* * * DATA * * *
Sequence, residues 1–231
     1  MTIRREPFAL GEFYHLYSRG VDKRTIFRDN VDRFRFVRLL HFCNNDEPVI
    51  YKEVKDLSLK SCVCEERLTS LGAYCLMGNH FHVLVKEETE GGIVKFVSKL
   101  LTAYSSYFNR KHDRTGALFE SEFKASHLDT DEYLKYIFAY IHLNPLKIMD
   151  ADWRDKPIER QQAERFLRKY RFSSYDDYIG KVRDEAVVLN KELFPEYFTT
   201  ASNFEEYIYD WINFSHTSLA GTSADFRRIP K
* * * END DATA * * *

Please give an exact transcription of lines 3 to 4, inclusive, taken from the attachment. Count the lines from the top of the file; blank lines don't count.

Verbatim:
    51  YKEVKDLSLK SCVCEERLTS LGAYCLMGNH FHVLVKEETE GGIVKFVSKL
   101  LTAYSSYFNR KHDRTGALFE SEFKASHLDT DEYLKYIFAY IHLNPLKIMD